Top 5 Labor and Employment Law Developments of 2016

At the end of the calendar year, it is worth pausing a moment to reflect on how far we’ve come over the last 365 days in the world of labor and employment law. As Ferris Bueller so famously quipped, “Life moves pretty fast. If you don’t stop and look around once in a while, you could miss it.” This couldn’t be more true for your compliance efforts in 2016. With that in mind, the following are my top 5 labor and employment law developments in 2016.

  1. The Board Relents on Social Media

Many employers are now aware that the NLRB has exercised a strong interest in social media policies in the workplace and adverse employment decisions based on social media activity. The most significant decision addressing these issues this year came from the Board’s Chipotle Services, LLC decision on August 18, 2016. While employers have long been frustrated with the Board’s take on social media policies, the Chipotle Services, LLC decision provides an example of the Board, affirming the Administrative Law Judge, approving some common policies, including those addressing harassing or discriminatory statements. The Board also reversed the ALJ’s decision and found that Chipotle had not unlawfully asked an employee to remove a series of Tweets that constituted “protected” activity but not “concerted” activity.

  1. Defend Trade Secrets Act

Federal law finally found its way to trade secret protection in 2016 with the passage of the Defend Trade Secrets Act. Although most everyone was already subject to uniform trade secret restrictions through state-based laws, the DTSA provides additional protections. As we discussed early this year here, the DTSA sets some unique provisions that are worth studying (exemplary damages anyone?) if trade secrets are an issue in your workplace.

  1. Wisconsin Sees Another Significant Restrictive Covenant Case

I often tell anyone willing to listen audiences that almost like clockwork there is a new decision in the world of restrictive covenants (i.e. non-compete and non-solicitation agreements) that should cause everyone to audit these contracts in their workplace. This year was no different as the Wisconsin Court of Appeals gave us its opinion in Manitowoc Company, Inc. v. Lanning. The Lanning decision cautions employers to examine their non-solicitation agreements to ensure that the restrictions are properly limited to competitive solicitation. If your restrictive covenant agreement hasn’t been reviewed recently, you of course may want to include talking to a lawyer as part of your New Year’s resolution.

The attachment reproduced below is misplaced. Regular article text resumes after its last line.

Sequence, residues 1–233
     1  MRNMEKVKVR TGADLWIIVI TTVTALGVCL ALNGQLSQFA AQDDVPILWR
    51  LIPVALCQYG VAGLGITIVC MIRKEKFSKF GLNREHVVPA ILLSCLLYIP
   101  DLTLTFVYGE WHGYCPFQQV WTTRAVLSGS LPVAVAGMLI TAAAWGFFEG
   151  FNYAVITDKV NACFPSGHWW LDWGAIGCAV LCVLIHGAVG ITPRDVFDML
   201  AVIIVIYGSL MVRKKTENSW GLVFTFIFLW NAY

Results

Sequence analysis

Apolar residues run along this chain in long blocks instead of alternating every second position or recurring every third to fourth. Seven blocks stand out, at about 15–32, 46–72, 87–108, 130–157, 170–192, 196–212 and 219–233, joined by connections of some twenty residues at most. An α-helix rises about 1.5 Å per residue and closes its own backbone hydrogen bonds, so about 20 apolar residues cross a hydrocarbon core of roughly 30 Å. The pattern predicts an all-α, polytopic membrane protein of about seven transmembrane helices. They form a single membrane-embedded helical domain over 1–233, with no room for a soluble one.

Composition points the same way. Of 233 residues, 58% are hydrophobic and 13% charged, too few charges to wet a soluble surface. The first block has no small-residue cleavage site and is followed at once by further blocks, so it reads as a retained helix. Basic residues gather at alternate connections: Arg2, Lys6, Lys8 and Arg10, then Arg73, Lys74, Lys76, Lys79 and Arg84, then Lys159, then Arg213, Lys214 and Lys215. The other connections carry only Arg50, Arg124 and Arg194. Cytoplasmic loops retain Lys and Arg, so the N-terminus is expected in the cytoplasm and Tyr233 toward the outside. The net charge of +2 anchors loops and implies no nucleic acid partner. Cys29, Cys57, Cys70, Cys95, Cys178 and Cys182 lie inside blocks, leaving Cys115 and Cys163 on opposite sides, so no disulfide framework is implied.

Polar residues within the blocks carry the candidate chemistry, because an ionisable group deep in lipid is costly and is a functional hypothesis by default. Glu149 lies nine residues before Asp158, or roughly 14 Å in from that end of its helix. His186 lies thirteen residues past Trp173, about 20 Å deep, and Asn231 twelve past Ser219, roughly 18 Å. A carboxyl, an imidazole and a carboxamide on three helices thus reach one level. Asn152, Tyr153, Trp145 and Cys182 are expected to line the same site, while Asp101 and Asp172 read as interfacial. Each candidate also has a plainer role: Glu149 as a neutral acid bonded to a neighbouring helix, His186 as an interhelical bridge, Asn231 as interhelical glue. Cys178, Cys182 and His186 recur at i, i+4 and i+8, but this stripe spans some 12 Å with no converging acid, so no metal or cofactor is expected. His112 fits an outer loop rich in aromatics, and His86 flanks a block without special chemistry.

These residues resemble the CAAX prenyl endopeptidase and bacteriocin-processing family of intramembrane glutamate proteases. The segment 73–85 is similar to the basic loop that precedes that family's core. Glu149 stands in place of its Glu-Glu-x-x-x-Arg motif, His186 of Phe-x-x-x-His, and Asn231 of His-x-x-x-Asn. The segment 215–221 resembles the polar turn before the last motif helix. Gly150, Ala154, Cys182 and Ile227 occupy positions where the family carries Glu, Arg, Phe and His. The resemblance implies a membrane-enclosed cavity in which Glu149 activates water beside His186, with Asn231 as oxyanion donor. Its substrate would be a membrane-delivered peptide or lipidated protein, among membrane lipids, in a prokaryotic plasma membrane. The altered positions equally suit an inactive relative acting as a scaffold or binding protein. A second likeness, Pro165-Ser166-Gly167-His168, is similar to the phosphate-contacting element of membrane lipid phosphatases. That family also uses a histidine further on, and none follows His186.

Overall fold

1. LGBT Status Recognized as a Protected Class Under Federal Law

Although Wisconsin recognizes sexual orientation as a protected class under the Wisconsin Fair Employment Act, federal courts raised the profile of similar protections under Title VII of the Civil Rights Act of 1964 with two cases in 2016. Although a final decision has yet to be released, the Seventh Circuit strongly signaled at the November 30, 2016 oral argument that it is ready to recognize LGBT status as a protected class status under Title VII in the case of Hivley v. Ivy Tech Community College. A federal district court judge in Pennsylvania came to this conclusion in the November 4, 2016 decision in EEOC v. Scott Medical Health Center, P.C. What does this mean for Wisconsin employers? Increased damages for a successful plaintiff are likely going to be here soon as Title VII allows individuals to recover compensatory and punitive damages, which are not available under the Wisconsin Fair Employment Act.

  1. Federal Texas Judge Halts New DOL Overtime Regulations

Undoubtedly, the biggest news story in 2016 for employment law practitioners has been the most recent one. For much of the year, employers were preparing for the salary threshold to substantially increase on December 1, 2016, making many formerly exempt employees non-exempt. Currently, the 5th Circuit has granted an expedited appeal. Moreover, the AFL-CIO has moved to join the case to help assure that the lawsuit will not going away with the change in POTUS on January 20, 2017. Although still unresolved, this has been the biggest development in 2016.

Happy holidays and best wishes in 2017 to all of our blog readers!